Another turn-around was a young Nicola – she was strung-out the first day, crashed the second, and slept through the third – we debated sending her home, not because she was unruly, but we couldn’t see her getting anything out of the training. The fourth day Nicola was participating, and miraculously, she was leading her mediation group by the fifth day. We were very pleased and thought she must be brilliant to get so much out of a training with her head on the desk half the week.

We continued to see these two students the next month – Sharif with shy smile and warm eyes taking everything in, and tiny Nicola with her sharp tongue and wry sense of humour. The principal mentioned in passing that he had noticed a difference in these two. After sharing with the teachers what we taught at the training, we asked if they had seen a difference in any of the students – most teachers didn’t even know who had gone on the training. Right away they named Sharif and Nicola – it was such a great affirmation. Sharif came back from the week much more focused in his schoolwork, and “calm” was used to describe him several times. He is a natural leader, and he is now using his calm tall presence to settle others around him. Then we learned of Nicola’s transformation – she was suspended earlier in the year for bad behaviour, and recently disciplined for failing grades. After the week with us away from drugs, she soared to the top of her class. A girl who mumbled for days found her voice and the ability to lead her peers and gain respect. Every teacher in the room had noticed the change – we were right – Nicola is brilliant, and she finished the term with a smile. We are not kidding ourselves – our program is not about drug rehab, and the pull of drugs and
Sinoyolo, our new SADRA Intern at the far right, poses with
the Peer Mediators from Silverstream High School
gangs is strong. But hearing these testimonies, over a month after finishing the training shows that small changes that lead to big differences do happen. Those we trained last year have reported how they use these skills not just with other students, but with their younger siblings and friends. They think they aren’t doing mediation, but I quickly affirm they are doing conflict transformation, and that’s the important thing. If we can better listen to each other, be more calm and patient and problem-solve together, then we are living as peace-makers. True for all of us!


Boys excited for pizza on J-C's birthday.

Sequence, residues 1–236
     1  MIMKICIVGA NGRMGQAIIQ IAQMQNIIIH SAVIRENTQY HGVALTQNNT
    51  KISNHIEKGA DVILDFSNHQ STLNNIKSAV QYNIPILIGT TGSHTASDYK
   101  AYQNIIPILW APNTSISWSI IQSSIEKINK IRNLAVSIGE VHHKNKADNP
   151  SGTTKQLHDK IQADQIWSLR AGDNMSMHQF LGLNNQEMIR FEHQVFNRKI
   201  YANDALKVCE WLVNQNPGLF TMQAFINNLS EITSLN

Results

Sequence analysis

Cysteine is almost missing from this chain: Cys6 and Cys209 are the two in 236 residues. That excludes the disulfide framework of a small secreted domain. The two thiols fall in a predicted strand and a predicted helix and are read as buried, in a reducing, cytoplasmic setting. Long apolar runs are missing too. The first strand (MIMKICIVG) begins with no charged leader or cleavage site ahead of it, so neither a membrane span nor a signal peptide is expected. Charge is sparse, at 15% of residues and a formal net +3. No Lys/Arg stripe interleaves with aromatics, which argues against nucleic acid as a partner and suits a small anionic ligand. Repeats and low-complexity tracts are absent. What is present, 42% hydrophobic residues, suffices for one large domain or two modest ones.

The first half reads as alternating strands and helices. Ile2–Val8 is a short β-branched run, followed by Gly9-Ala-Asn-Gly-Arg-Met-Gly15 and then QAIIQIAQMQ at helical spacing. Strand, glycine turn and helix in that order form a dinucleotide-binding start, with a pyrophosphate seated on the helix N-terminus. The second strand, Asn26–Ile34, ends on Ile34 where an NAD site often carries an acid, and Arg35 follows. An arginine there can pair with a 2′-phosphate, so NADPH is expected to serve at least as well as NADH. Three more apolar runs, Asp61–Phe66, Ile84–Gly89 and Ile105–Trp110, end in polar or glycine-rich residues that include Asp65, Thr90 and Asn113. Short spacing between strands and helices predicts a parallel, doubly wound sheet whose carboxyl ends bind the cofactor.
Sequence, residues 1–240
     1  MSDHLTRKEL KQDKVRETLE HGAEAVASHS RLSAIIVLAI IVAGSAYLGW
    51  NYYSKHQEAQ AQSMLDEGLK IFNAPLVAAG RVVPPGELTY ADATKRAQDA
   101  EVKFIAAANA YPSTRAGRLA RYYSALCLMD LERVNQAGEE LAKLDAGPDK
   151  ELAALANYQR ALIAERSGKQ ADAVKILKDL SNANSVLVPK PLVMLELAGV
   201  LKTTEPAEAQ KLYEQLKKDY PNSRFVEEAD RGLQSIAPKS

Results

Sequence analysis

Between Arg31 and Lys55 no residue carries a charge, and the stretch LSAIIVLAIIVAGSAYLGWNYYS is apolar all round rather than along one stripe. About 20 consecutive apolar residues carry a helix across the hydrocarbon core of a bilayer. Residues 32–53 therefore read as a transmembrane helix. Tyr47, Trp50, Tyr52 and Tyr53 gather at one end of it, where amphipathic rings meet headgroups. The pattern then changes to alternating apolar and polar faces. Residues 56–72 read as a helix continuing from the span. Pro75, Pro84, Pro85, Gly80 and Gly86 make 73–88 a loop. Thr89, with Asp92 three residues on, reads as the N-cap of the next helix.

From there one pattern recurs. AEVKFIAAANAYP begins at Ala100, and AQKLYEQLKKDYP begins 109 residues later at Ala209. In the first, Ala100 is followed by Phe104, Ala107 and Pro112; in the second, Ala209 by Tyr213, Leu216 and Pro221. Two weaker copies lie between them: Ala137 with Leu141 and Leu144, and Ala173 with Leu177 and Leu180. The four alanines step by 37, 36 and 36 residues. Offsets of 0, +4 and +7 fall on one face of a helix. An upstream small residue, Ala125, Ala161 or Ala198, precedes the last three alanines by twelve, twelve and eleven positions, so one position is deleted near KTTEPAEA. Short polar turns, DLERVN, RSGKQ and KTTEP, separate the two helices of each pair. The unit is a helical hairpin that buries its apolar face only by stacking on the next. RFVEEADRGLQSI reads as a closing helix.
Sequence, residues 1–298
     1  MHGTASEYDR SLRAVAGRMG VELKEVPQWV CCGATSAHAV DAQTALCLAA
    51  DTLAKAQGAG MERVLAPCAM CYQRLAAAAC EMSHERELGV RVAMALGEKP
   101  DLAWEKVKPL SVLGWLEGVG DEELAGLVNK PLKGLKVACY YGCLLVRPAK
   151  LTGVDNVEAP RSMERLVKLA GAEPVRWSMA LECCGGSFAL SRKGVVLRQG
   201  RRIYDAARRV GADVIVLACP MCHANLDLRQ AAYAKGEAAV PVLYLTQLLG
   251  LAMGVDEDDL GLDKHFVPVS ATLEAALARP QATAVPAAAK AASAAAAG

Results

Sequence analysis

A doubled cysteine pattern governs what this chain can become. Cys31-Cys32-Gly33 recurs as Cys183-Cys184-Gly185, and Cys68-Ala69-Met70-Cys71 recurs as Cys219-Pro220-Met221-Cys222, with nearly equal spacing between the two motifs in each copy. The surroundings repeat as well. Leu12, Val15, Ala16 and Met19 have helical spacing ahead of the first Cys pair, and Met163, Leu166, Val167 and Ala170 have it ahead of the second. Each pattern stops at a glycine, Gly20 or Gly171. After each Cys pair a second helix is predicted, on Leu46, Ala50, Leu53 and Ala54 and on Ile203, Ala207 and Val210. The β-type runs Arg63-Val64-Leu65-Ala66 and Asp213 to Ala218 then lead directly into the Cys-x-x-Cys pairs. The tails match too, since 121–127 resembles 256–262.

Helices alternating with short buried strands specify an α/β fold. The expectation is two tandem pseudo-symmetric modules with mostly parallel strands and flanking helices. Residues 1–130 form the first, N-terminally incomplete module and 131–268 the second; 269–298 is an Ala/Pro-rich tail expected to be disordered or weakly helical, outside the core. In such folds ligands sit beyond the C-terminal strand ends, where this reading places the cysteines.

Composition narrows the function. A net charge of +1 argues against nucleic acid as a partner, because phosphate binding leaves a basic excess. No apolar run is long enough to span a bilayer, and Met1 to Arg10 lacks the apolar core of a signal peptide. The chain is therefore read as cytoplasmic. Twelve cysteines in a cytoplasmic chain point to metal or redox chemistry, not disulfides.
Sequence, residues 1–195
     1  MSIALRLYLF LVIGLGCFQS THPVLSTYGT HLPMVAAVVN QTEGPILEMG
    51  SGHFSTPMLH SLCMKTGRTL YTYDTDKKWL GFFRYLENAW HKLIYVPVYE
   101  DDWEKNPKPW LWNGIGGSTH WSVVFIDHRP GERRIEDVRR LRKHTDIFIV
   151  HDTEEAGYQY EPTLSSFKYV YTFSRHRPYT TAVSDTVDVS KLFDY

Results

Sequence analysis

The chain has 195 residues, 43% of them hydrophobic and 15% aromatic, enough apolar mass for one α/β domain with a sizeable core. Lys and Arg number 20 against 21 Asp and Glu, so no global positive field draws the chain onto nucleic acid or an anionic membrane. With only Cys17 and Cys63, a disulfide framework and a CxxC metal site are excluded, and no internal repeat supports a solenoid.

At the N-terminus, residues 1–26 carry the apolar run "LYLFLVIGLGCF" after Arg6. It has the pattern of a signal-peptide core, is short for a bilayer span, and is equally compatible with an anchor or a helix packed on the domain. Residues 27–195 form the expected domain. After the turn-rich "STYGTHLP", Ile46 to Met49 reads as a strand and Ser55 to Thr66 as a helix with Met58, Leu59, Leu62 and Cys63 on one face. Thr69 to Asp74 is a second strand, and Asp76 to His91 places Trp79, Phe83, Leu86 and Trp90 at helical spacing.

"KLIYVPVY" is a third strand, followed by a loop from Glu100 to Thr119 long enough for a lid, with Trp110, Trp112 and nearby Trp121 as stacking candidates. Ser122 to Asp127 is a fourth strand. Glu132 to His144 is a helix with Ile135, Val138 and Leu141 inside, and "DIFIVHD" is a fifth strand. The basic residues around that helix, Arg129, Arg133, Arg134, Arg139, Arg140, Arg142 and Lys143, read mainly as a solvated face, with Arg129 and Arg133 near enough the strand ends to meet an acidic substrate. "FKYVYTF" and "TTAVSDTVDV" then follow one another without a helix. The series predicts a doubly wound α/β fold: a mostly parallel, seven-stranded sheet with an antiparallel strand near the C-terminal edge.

Jacob and Willow and doggie obedience class.
Our family is well, the boys are OK – they have both had birthdays in the last month. It’s winter now – this means that our house is about 50 degrees inside, without central heating, and at 80% humidity, it’s hard to get out of the warm bed in the morning. Since it’s break right now, our oldest child spends as much of the day with his heating pad and sleeping bag as he can get away with. He starts a new school in July – transferring to a Waldorf School, as he is more interested in theatre and music, which is almost non-existent at their current Cambridge-curriculum school. We just joined a good choir in Stellenbosch so John-Clair can have that exposure – we perform Monteverdi’s Vespers in September. Then I start my community project of Vivaldi’s Gloria for Christmas, and Dan is going to be Buffalo Bill in Annie Get Your Gun! So we are staying busy and trying to build some relationships. Jacob continues to bond with his new dog Willow and started dog obedience lessons.

Boys showing their awards from their
school Toastmasters Club.
Our new house doesn’t do well with the rain, but of course, we are all thrilled that the dams are filling. We continue to conserve water, of course, so that we will have water half a year from now…
We hope you are well, and thanks again for your interest in us and our work. Please feel free to drop us a note, a question, or picture. Remember that we post regularly on Facebook, too.

Love and hugs,
Kathryn, for Dan, John-Clair and Jacob

Wednesday, May 2, 2018

April 2018 Update

Dear friends and family,

It’s been so long since we’ve written! We hope your new year has been good, and that you’ve seen some of our photos and work updates on Facebook, if you have that. Since we’ve last written, we’ve had to move to another rental house (again, and for the last time here, we sincerely hope), had the epic cross country road trip at the end of the year, and a blazing start to our third year of work here in South Africa.

New House and Dog